Augmented Reality with Layar and ArcGIS Online

Let’s investigate how GIS and Augmented Reality can operate together. That is what I thought when I watched the possibilities of Layar some time ago. But only until last week, I did not find the time to look into it. But it turns out to be very fascinating to do and I am sure it will open up some new possibilities to combine the managebility of GIS with the exiting visualisations of Augmented Reality.


Layar is a Dutch based company providing apps and services to overlay 3d information on the image your smartphone captures through the camera. It show you the world enriched (“augmented”) with extra information. For example: you can see the design of new buildings situated on the actual location that they are going to be built. Really cool! Layar calls these layers Geo Layers. They also provide a way to make the ads in your magazine pop out (digitally ofcourse) from the paper. Read more about that here:

With GIS it is very simple to publish online maps and other 2D visualisations (for example this one: Since GIS is always based on a database, the visualisation changes if the data changes. And it is this last feature that is also implemented in the example below: change your data in ArcGIS Online and the Layar data is also changed.


In the solution below I use ArcGIS Online to store my feature data (point data, in this case) and serve it as a feature service. I could also have chosen to use one of our ArcGIS for Server feature services. These feature services also expose the data in the REST protocol, using JSON notation. On the other hand, Layar also uses JSON/REST, so this is a good combination. The “only” thing I had to do is convert the ArcGIS JSON to Layar JSON. So I created a webservice to do just that.

ArcGIS side

Ok, this one is pretty straight forward. Create a feature service, containing points. Make sure you have some attributes, e.g. ID, Title, etc. These attributes contain the information that will be used in the Layar layer. You can use the service I published if you want: I’ve also provided a web map so you can actually see and manipulate the points:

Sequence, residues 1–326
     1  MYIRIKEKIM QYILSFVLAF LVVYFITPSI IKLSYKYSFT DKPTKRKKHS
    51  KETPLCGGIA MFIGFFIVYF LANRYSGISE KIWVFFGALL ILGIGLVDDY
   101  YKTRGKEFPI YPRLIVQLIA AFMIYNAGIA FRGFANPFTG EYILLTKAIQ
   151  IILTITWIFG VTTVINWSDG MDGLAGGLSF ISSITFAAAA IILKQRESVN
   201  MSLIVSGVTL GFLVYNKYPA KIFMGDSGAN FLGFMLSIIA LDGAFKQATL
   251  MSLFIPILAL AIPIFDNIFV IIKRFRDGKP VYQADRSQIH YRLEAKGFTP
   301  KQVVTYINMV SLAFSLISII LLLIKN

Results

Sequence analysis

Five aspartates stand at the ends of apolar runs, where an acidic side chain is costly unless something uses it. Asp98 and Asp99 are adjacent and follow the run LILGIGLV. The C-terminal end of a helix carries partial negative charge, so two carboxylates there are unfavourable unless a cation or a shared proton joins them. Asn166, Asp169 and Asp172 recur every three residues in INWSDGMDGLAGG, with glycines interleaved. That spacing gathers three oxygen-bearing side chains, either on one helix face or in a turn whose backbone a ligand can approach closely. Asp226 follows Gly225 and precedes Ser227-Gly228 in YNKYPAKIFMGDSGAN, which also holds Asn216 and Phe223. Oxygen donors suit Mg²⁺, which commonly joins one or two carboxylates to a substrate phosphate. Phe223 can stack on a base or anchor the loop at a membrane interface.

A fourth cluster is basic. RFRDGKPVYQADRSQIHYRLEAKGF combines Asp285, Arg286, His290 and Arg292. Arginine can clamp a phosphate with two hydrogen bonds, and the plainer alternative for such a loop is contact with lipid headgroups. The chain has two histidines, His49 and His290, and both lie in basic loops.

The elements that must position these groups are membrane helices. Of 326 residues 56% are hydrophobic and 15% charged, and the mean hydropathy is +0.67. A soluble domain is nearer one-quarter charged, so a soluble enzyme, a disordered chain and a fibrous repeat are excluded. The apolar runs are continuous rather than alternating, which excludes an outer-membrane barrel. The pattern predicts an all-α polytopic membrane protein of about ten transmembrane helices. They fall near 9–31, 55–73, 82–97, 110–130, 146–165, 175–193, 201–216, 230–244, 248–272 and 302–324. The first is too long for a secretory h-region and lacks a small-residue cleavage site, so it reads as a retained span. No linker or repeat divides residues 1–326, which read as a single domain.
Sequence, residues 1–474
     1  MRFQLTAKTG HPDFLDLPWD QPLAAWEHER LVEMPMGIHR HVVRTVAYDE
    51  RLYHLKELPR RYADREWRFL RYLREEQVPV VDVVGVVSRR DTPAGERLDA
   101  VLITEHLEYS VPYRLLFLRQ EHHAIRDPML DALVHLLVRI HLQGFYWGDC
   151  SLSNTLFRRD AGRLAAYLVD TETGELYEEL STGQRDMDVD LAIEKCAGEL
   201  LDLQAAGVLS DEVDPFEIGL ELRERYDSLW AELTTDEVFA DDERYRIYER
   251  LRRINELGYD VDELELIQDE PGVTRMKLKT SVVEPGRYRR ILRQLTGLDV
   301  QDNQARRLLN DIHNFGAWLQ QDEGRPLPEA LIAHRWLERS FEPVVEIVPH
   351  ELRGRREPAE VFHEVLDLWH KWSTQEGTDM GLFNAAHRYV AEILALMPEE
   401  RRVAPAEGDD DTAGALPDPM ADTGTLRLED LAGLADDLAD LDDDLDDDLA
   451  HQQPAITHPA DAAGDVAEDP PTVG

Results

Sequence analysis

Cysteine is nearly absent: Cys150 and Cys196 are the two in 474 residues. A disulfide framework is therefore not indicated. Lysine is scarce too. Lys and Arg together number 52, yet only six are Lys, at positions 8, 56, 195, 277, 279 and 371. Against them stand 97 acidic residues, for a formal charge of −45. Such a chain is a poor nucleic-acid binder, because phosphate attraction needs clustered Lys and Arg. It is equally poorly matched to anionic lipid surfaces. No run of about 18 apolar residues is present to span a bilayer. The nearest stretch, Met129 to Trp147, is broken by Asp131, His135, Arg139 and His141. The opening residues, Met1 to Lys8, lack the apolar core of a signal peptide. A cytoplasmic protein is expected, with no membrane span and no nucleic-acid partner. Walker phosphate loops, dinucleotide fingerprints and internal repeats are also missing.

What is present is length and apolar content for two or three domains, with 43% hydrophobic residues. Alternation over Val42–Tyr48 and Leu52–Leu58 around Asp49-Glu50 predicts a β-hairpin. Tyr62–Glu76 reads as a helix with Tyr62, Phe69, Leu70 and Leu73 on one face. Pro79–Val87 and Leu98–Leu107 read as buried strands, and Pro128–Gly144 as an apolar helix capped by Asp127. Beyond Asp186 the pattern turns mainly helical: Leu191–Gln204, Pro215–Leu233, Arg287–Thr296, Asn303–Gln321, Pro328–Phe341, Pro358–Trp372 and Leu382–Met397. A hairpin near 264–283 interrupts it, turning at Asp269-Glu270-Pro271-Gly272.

Web map with points to show up in Layar

Layar side

Set up an Layar developer account ( That’s it for now, we’ll return here a little later.

The connection between Layar and ArcGIS

The webservice I developed (ASP.NET/C#) deserializes the JSON from ArcGIS Online, converts the resulting point object to a POI object and serializes the hotspot object to JSON that can be processed by Layar. You’re still here? :-). The full solution in Visual Studio is available in GitHub, so no need to copy and paste everything.

step one: define the point object
This goes along these lines:

public class AGSpoint

private string _displayFieldName;
private string _geometryType;
private Hashtable _fieldAliases;
private Hashtable _spatialReference;
private List _features;
private List _fields;

public AGSpoint()

_displayFieldName = "";
_geometryType = "";
_spatialReference = new Hashtable();
_features = new List();
_fields = new List();
_fieldAliases = new Hashtable();



The AGSpoint object also references some other classes, AGSfield and AGSfeature.

Step 2: deserializing ArcGIS JSON

Now we can convert the JSON to the AGSpoint:

string json = GetREST();
AGSpoint punt = JsonConvert.DeserializeObject<AGSpoint>(json);

and this is the GetREST() function:

public static string GetREST()

string formattedUri = String.Format(CultureInfo.InvariantCulture,

HttpWebRequest webRequest = GetWebRequest(formattedUri);